Heparanase-specific shRNA: A novel therapeutic strategy in human gastric cancer

November 25, 2009

Previous studies have indicated that the heparanase (HPA) is correlated with histopathological parameters and poor prognosis of gastric cancers. Although their efficiencies in inhibiting the expression of HPA, the traditional HPA inhibitors may produce nonspecific and undesirable effects. In recent years, genetic approaches targeting HPA have been regarded as a promising alternative.

Antisense oligonucleotides, ribozyme, and small (siRNA) have been developed to decrease the HPA expression. However, it remains unknown whether stable transfection of short hairpin RNA (shRNA) can knockdown the HPA expression and decrease the invasiveness and metastasis of cells.

A research team from China reported such research examining the effects of HPA-specific shRNA on the cultured gastric . Results showed that stable transfection of HPA-specific shRNA, but not of scrambled shRNA and mock vector, resulted in reduced mRNA and protein levels of HPA. The shRNA-mediated knockdown of HPA did not affect the of SGC-7901 cells. However, the in vitro invasiveness and metastasis of cancer cells were decreased after knockdown of HPA. Moreover, transfection of HPA-specific shRNA decreased the in vitro angiogenesis capabilities of SGC-7901 cells. Their study was published on November 21, 2009 in the .

Their research suggested that HPA-specific shRNA may be of potential value as a novel therapeutic strategy in human gastric cancer and may be also applicable for the therapies of other cancers overexpressing HPA.

More information: Zheng LD, Jiang GS, Pu JR, Mei H, Dong JH, Hou XH, Tong QS. Stable knockdown of heparanase expression in gastric cancer cells in vitro. World J Gastroenterol 2009; 15(43): 5442-5448, www.wjgnet.com/1007-9327/15/5442.asp

Source: World Journal of Gastroenterology (news : web)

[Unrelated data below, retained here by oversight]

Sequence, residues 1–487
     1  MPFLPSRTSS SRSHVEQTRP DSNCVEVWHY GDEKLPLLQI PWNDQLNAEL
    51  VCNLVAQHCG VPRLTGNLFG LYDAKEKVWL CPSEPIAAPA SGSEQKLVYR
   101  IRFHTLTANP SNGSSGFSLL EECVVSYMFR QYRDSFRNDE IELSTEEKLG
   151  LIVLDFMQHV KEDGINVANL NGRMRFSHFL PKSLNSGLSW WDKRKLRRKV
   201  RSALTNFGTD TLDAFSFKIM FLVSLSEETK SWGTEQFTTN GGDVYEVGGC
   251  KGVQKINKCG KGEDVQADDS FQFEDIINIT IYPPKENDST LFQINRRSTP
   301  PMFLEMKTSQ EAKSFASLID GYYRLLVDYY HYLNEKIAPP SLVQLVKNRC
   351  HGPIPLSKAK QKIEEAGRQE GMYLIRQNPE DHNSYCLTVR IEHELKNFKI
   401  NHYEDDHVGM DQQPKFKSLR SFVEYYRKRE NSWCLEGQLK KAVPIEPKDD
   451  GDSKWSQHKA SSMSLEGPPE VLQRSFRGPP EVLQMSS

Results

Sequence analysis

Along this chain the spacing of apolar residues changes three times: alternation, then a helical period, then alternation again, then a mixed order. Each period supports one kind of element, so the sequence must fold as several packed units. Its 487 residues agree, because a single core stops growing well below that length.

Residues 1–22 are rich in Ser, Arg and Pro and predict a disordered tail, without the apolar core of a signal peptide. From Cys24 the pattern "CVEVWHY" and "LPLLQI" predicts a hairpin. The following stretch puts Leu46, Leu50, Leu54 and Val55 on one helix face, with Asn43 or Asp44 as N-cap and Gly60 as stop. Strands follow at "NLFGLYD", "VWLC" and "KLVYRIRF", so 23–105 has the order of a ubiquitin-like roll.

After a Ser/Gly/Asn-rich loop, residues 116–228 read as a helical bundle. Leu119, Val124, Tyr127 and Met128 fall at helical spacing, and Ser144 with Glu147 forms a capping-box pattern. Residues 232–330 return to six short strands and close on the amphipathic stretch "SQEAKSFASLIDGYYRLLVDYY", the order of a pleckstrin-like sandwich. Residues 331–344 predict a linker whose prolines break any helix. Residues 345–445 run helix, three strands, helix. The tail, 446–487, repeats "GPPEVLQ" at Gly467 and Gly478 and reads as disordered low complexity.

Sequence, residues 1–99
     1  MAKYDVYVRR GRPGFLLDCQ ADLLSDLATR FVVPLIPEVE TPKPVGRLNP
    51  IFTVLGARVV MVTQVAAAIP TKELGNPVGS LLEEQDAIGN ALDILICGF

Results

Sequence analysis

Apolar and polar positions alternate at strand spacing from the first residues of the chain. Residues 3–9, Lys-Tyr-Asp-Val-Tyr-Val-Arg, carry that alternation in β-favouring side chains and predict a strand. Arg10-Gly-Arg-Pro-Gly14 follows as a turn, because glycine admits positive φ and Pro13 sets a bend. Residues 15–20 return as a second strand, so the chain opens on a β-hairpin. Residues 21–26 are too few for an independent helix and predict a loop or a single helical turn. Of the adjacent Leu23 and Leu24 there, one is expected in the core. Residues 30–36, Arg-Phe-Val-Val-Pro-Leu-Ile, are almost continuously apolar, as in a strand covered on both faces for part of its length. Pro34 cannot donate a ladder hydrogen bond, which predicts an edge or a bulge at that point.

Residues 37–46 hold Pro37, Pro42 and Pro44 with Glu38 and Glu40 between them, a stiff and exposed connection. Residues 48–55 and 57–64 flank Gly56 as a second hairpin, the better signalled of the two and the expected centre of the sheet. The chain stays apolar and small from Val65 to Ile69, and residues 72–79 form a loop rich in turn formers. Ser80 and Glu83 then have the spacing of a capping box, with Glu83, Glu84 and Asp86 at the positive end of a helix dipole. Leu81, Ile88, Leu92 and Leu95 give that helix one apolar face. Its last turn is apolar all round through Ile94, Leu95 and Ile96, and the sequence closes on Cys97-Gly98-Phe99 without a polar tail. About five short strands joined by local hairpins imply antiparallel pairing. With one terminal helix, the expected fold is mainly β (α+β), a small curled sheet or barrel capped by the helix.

Related Stories

Recommended for you

Lung cancer triggers pulmonary hypertension

November 17, 2017
Shortness of breath and respiratory distress often increase the suffering of advanced-stage lung cancer patients. These symptoms can be triggered by pulmonary hypertension, as scientists at the Max Planck Institute for Heart ...

Researchers discover an Achilles heel in a lethal leukemia

November 16, 2017
Researchers have discovered how a linkage between two proteins in acute myeloid leukemia enables cancer cells to resist chemotherapy and showed that disrupting the linkage could render the cells vulnerable to treatment. St. ...

Computer program finds new uses for old drugs

November 16, 2017
Researchers at the Case Comprehensive Cancer Center at Case Western Reserve University School of Medicine have developed a computer program to find new indications for old drugs. The computer program, called DrugPredict, ...

Pharmacoscopy improves therapy for relapsed blood cancer in a first clinical trial

November 16, 2017
Researchers at CeMM and the Medical University of Vienna presented a preliminary report in The Lancet Hematology on the clinical impact of an integrated ex vivo approach called pharmacoscopy. The procedures measure single-cell ...

Wider sampling of tumor tissues may guide drug choice, improve outcomes

November 15, 2017
A new study focused on describing genetic variations within a primary tumor, differences between the primary and a metastatic branch of that tumor, and additional diversity found in tumor DNA in the blood stream could help ...

A new strategy for prevention of liver cancer development

November 14, 2017
Primary liver cancer is now the second leading cause of cancer-related death worldwide, and its incidences and mortality are increasing rapidly in the United Stated. In late stages of the malignancy, there are no effective ...

0 comments

Please sign in to add a comment. Registration is free, and takes less than a minute. Read more

Click here to reset your password.
Sign in to get notified via email when new comments are made.